uk-and-china-relationship-‘seriously-poisoned’,-says-beijing’s-ambassador

UK and China relationship ‘seriously poisoned’, says Beijing’s ambassador

Liu Xiaoming, China's ambassador to the UK Image copyright Reuters Image caption Liu Xiaoming, China’s ambassador to the UK, gave a press conference for over an hour on Thursday

The relationship between the UK and China has been “seriously poisoned”, says Bejing’s ambassador to London.

In a lengthy press conference, rebutting criticism of the Chinese government, Liu Xiaoming said the UK was at a “critical historical juncture” in its future with his country.

The ambassador urged the UK to “resist pressure” from the US to condemn China.

And he rejected accusations of human rights violations against Uighur Muslims in the Xinjiang region.

The UK and China have had a number of political disputes in recent months, including over the banning of technology firm Huawei from the UK’s 5G mobile network and the new security law imposed in Hong Kong.

But Mr Liu said he hoped the governments had “enough wisdom and capabilities” to move forward from their differences “rather than allowing anti-China forces and Cold War warriors to kidnap the China-UK relationship”.

A spokesman from the Foreign Office referred the BBC to earlier statements made by Foreign Secretary Dominic Raab, saying the UK government would “work to maintain positive, constructive engagement with the Chinese government”.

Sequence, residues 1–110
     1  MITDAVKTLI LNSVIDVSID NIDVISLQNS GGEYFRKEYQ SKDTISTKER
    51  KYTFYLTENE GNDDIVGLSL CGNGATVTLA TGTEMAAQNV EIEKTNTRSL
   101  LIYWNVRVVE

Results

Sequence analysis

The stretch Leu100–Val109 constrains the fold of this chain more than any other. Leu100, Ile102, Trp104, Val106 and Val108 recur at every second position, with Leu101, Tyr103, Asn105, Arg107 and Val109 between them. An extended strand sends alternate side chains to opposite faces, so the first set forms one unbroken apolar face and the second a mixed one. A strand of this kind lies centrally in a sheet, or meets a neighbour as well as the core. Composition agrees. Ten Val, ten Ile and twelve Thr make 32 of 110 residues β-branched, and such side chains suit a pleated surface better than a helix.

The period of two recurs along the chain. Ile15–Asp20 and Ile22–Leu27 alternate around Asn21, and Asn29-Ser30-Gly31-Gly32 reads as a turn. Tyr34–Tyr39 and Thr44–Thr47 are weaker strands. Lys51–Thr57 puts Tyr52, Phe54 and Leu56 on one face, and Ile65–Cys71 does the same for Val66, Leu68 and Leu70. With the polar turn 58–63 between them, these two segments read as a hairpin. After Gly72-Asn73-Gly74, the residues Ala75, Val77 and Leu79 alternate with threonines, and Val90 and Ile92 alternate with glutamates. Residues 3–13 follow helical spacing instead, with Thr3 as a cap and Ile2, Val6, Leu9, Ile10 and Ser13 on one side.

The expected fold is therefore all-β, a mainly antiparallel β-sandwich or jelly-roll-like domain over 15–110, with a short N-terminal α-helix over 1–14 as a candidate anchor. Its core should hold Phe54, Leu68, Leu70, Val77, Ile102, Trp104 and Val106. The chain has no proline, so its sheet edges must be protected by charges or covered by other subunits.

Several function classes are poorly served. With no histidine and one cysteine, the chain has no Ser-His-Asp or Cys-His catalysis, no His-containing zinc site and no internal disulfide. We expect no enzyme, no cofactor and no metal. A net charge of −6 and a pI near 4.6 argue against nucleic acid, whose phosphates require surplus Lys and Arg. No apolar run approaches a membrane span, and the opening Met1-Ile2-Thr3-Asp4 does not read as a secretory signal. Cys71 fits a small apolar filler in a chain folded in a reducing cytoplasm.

But Mr Raab also stressed “the importance of China rebuilding trust with the international community by living up to its international responsibilities” and “upholding its international human rights obligations”, adding: “The United Kingdom is watching. And the whole world is watching.”

Labour’s shadow foreign secretary Lisa Nandy said it was “important the UK continues to have a constructive relationship with China”.

But, she said, it “cannot be at the expense of our values, whether it is standing up for the rights of people in Hong Kong or speaking up for the human rights of the Uyghur people”.

Mr Liu’s press conference, addressing divisions between the UK and China, lasted for over an hour, with him condemning “irresponsible remarks” of British ministers and the press for their coverage of his government.

He said China “respects UK sovereignty and has never interfered in the UK’s internal affairs” and it was “important the UK will do the same,” calling for the British government to “stop interfering in Hong Kong’s affairs… so as to avoid further damage to the China-UK relationship”.


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